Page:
COVID-19 continues to impact all facets of the economy, and real estate in Scottsdale and Arizona is no exception. The question many are asking is: what happens after we get through the pandemic to the real estate market here in Arizona? Below is some insight based on our observations, conversations with other local agents, and experts in the real estate industry.
A good starting point for this discussion is where the market was right before everything changed. The inventory of available homes listed for sale in the area for the week ending February 29, 2020, served by the Arizona Regional Multiple Listing Service (ARMLS) reached its lowest level in the past five years.
Another way to look at housing inventory is Months Of Supply, also known as the absorption rate. This calculation projects how long, at the current rate of sales, it will take to deplete all of the housing inventory if no more homes come onto the market. That number reached an all-time low of 1.2 months for our market. As a point of comparison, during the same period in 2019, there were 3.3 months of supply.
A third measurement is the contract ratio, which is calculated by taking the number of homes under contract and dividing it by the number of homes listed. The chart below compares the contract ratio for the months of February and March going back to 2013. This year we had the strongest market in many years with a contract ratio that pointed to a seller’s market. Keep in mind this is the entire ARMLS market; some areas had stronger demand than others. For example, Scottsdale was slower, but some markets, like Tempe, were in a full-fledged frenzy.
All of this data tells us that our real estate market pre-COVID-19 was extremely healthy and going strong. Demand across all price points was high and at some price -points we were seeing multiple offers, and homes that were going under contract the day they were listed.
Then COVID-19 Impacted The Scottsdale Real Estate Market
This market now looks quite different, and COVID-19 has impacted the Scottsdale real estate market. The listings under contract dropped precipitously, and the number of homes that fell out of contract rose dramatically in late March. You do not need to be a Futurist to have seen this coming. The contract ratio in April also dropped nearly 30 percent from the month of March.
COVID-19 IMPACT ON SCOTTSDALE REAL ESTATE SALES
We expect sales to be slow right now, and in a year-over-year comparison, sales in March did fall off a cliff with the steepest decline in recent history. It was even steeper than the real estate market’s historic crash in 2008. This does not mean that interest in the market is not there, but uncertainty and fear around what we are currently facing has temporarily reduced sales and, in some cases, transactions that were in the process of moving through escrow to close, were canceled for a variety of reasons.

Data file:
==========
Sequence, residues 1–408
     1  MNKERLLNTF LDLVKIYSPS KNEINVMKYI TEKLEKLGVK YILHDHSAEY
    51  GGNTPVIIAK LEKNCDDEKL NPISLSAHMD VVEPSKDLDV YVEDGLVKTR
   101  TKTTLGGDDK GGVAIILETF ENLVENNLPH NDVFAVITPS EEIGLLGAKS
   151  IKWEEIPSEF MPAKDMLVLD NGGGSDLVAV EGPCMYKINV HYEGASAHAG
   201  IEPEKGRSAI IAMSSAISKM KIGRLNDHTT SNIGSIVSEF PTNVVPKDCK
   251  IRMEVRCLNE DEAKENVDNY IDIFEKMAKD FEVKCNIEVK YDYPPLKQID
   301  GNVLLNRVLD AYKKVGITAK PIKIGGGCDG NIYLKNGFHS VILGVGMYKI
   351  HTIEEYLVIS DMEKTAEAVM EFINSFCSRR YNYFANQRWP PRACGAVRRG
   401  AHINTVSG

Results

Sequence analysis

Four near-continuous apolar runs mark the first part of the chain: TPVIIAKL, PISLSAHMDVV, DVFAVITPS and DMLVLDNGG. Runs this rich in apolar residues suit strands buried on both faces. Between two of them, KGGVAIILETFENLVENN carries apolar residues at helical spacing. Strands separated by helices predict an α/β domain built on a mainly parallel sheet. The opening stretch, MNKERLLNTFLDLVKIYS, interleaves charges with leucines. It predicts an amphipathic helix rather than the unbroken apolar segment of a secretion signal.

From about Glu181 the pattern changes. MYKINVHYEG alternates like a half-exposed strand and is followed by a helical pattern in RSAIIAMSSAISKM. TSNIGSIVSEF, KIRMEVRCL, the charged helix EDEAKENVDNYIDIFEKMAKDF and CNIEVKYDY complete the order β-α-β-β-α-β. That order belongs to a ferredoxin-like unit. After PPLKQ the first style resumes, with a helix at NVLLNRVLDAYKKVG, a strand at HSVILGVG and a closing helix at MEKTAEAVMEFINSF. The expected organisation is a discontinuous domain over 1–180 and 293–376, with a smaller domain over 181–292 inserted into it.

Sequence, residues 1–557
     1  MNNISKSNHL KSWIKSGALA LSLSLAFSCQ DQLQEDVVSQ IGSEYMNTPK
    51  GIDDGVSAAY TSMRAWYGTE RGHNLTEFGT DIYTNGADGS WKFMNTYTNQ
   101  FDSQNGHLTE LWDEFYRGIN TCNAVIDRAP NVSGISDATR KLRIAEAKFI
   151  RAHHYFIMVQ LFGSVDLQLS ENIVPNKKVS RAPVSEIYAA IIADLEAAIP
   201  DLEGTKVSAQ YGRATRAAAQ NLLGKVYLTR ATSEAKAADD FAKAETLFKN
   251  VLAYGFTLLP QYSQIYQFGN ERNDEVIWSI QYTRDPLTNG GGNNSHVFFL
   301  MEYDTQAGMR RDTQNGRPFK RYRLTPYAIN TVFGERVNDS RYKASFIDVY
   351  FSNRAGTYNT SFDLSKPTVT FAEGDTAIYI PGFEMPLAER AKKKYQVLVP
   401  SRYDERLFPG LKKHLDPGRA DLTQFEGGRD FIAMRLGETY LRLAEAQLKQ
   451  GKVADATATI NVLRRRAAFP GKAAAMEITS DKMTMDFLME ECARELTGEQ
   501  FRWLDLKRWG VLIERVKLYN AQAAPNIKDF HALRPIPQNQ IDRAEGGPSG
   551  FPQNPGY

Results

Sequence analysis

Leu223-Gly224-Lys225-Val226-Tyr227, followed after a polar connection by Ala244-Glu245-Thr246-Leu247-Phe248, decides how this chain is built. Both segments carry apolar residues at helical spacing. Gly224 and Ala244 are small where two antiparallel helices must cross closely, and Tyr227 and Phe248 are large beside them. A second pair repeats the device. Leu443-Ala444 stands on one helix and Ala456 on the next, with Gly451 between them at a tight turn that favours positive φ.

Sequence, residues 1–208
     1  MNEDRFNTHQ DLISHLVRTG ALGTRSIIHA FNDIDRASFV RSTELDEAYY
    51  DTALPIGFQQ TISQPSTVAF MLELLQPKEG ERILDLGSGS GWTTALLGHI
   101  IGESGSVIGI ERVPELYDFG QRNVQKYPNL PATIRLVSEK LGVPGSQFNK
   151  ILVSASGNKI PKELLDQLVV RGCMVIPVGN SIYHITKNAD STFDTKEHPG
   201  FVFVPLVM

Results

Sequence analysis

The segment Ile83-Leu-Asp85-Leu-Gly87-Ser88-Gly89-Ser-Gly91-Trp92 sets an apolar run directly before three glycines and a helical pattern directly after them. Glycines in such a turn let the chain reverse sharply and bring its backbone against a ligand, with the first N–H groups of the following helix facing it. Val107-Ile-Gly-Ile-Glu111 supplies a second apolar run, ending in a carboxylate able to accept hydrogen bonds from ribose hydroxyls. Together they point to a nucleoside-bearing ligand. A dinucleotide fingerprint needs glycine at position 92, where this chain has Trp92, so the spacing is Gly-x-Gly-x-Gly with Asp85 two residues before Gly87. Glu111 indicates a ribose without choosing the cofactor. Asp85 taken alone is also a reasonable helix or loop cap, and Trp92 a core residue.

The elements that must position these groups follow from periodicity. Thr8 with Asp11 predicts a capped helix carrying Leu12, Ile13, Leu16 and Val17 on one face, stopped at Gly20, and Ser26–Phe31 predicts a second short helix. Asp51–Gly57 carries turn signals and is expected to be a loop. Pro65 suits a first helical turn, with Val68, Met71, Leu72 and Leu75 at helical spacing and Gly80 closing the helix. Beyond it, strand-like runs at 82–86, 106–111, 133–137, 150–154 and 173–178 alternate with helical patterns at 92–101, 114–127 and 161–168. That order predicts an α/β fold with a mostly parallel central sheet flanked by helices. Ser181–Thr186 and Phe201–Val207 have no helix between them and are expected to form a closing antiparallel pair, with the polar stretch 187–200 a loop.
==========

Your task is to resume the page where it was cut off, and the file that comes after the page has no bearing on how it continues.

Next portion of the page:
Closings are continuing but slowing, and as expected, closings happening now have most likely been in escrow for at least 30 to 45 days. Our shelter in place order in Arizona started at the end of March but some people were staying home before then and few people were coming here from other states. The graph below shows closings since January 1st of this year.
COVID-19 IMPACT ON SCOTTSDALE SHOWING ACTIVITY
The number of showings is the leading indicator of where sales are going and showings since February have been down significantly, highlighting COVID-19 impact on Scottsdale real estate. Many homes, especially occupied homes, were taken off the market, reducing the number of homes available to show. Without significant traffic from other states due to travel restrictions, as well as social distancing, we expected showings to drop significantly. So while real estate is considered an essential service here in Arizona, many people don’t feel compelled to go house hunting during this pandemic.
The charts below show activity since Mid-February for all homes priced above $250,000 in Scottsdale, as reported by Showingtime, which is used for scheduling about 95 percent of all showings in the market. The bottom chart shows the same for homes priced above $1,000,000. As you can see, there has been a gradual uptick in overall market activity that is starting to show up in the moving averages.
Again, in the luxury segment of the market, the drop has been more dramatic and is not coming back quite so quickly, as illustrated in the graph below, but it looks like it may be starting to have a small increase.